Securing funds is crucial for a small business, so we asked a handful of experts about what you need to know when it comes to getting money.
We’ll be discussing this topic and others on how to grow a business in our fireside chat via Google Hangout on March 24.
Here’s what our experts had to say:
Start small. Have a plan for how you want to expand in the future, ask your customers what they want before you pump money into development... and then make plans to get there.
Amy Wright, amywright.biz
Keep your overhead low
Keep your overhead low. Start with a small team that has diverse capabilities and instill confidence and a sense of pride and loyalty by not micromanaging. Think about starting people part-time with the stated intention of going full-time as you grow. Don’t over-order or take on too many projects that you can’t do an excellent job. Think about working virtually. Only take a loan or line of credit if you absolutely need to.
Alison Williams, Raconteur
Stay out of debt
Some companies we've worked with get VC capital so that's one route to go. My wife and I decided we wanted 100% ownership and to never owe anything to the banks aside from a small overdraft for emergencies (you know, like rent).
Dave Davies, beanstalkim.com
Good financial planning
Financial planning, looking at yearly cycles critically, making sure customers pay on time. We’re a mix of B2C and B2B so that gives us a little bit more resilience. We’ve also been funded by a small business loan and investment from ‘friends and family’.
Kristian Tapaninaho, unni.net
Plan your advertising
Plan to be able to advertise using your entire profit margin for six month, plus pay someone to do your ads, unless you are a quick learner with data skills, creative skills, psychological insight and a good head for numbers. One of the biggest mistakes new businesses make is not advertising, and the second biggest mistake is trying to do the advertising themselves.
Brian Carter, briancartergroup.com
Crowdfunding - I used indiegogo for example to generate enough capital to purchase a first portion of my stock. Other platforms to help you purchase inventory are invoice discounting which allows you to draw money against your sales invoices. Very effective and great rates are available these days.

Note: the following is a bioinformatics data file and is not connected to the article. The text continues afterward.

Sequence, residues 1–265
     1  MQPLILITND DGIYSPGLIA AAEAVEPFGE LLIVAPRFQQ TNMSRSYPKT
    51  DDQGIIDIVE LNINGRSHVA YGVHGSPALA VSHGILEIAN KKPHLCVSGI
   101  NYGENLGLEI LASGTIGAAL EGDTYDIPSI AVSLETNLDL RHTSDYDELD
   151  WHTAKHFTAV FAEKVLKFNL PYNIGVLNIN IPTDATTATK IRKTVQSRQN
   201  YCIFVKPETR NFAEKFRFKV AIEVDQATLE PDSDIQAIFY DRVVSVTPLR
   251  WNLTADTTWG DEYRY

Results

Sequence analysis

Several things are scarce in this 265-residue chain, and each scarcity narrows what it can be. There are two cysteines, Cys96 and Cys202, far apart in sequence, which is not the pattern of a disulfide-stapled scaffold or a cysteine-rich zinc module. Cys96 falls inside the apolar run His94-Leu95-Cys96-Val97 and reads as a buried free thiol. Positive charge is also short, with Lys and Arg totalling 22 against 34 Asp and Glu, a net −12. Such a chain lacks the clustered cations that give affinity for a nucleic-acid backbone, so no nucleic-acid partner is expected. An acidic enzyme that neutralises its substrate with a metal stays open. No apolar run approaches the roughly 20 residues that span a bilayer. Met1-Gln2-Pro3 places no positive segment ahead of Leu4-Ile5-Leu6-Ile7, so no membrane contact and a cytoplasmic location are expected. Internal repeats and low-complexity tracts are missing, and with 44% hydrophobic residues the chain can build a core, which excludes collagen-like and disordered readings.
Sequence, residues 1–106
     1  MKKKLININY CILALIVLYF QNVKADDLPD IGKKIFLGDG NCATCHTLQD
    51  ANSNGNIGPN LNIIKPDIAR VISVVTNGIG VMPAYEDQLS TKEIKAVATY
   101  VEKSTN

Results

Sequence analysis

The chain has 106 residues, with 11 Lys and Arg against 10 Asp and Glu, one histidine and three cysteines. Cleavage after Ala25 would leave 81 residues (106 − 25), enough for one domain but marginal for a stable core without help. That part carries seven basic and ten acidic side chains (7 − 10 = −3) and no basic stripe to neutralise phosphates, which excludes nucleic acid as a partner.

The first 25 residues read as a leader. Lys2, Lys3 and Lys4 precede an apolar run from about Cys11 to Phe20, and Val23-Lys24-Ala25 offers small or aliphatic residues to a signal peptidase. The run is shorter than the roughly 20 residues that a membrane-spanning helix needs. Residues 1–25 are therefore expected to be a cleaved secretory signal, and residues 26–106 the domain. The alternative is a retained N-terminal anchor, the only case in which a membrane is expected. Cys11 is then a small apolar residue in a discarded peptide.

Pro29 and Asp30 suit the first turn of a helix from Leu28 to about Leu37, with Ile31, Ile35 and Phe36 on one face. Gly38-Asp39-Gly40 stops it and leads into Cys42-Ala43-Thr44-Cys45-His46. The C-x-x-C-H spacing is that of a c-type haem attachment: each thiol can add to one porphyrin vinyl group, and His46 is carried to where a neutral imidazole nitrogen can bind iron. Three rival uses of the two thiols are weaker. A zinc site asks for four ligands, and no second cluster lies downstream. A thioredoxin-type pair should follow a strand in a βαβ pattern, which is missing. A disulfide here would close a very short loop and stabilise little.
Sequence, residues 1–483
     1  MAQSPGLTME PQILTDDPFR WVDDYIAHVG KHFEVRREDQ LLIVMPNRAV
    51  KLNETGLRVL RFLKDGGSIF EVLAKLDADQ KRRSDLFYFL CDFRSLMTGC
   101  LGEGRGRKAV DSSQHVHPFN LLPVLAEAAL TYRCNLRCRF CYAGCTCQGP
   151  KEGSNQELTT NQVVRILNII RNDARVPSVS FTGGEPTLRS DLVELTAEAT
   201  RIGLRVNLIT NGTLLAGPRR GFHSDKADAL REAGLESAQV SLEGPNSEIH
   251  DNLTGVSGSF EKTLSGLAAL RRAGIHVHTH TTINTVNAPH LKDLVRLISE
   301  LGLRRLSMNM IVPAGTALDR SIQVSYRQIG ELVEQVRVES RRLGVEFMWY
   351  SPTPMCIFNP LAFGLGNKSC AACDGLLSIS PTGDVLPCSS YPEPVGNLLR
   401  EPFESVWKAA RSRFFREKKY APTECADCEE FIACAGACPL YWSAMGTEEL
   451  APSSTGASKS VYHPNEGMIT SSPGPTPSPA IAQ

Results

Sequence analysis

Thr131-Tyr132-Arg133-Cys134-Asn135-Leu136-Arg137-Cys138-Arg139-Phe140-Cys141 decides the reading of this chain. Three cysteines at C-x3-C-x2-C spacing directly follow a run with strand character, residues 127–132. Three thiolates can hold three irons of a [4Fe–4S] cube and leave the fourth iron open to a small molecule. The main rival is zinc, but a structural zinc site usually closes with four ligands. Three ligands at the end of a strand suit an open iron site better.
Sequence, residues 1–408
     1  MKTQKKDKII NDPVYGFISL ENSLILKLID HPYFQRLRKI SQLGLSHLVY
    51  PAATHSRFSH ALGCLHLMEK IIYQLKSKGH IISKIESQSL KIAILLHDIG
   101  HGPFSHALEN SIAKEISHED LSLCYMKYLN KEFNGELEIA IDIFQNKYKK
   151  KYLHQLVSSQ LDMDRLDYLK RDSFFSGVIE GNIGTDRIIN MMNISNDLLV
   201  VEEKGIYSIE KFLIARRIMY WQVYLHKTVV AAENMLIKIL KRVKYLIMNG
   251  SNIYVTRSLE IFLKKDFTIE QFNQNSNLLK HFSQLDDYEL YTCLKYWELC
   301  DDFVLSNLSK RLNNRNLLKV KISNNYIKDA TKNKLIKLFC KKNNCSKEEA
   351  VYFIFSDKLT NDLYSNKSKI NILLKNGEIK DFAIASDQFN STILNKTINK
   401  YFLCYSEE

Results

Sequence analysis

Hamish Khayat, standupandsmile.com
Plan until you drop
Plan, plan, plan. When preparing to make more major investments in growth, like hiring or expanding your office space, create your worst case scenario plan. Look at your numbers to understand how long your company could stay afloat with the new expense and no added revenue. Depending on if the new investment is expected to generate additional revenue (for example, if it's a new hire, will they be focused on new business efforts?), you'll likely want a 3-6 month cushion.
Molly Wilson, meetkickstand.com
Check your cash reserve
It is best to not start your own business until you have a cash reserve of at least six to twelve months of total expenses.
It is also important to have a personal working business plan that includes a budget for the business. The plan and budget must be realistic and you must follow them on a day to day basis. Monthly or quarterly review your plan and make any adjustments needed. Rather than trying to develop the plan entirely on your own, you can search for a business plan outline on-line that you can use to get started. Your plan will also include an outline for how you will have the funds necessary for growth and sustainability.
With a good business plan and budget in place that you follow, it can guide you to a very successful business.
Nancy Butler, aboveallelse.org
Think about revenue
As an entrepreneur (or small business owner) your singular focus is always ...how does this decision effect revenue.
Set up a cash flow statement
What you need is to set up your own Cash Flow Statement, this is arguably the most important tool a small business needs to use to safely grow without running out of money.
The reason for this is that businesses often need to offer credit to their customers, especially if their clients are other companies, while their own suppliers/tenants/employees require them to pay them upfront for their services.
This situation means that you need to have a cash 'buffer' that will allow you to go on paying your bills while you wait for your clients to pay you. This means growing too fast could eat up all of your saved 'buffer cash', it will be hard for you to keep workers on the job when you can't afford payroll.
The basics seem fairly simple, but I would encourage first to figure out what all the factors on the cash you handle are, set up a simple spreadsheet, and play around with the numbers, you may see that the cash you need to support a strong growth pattern is bigger by far than your profits and that you require support from investors or banks to achieve your yearly growth goal.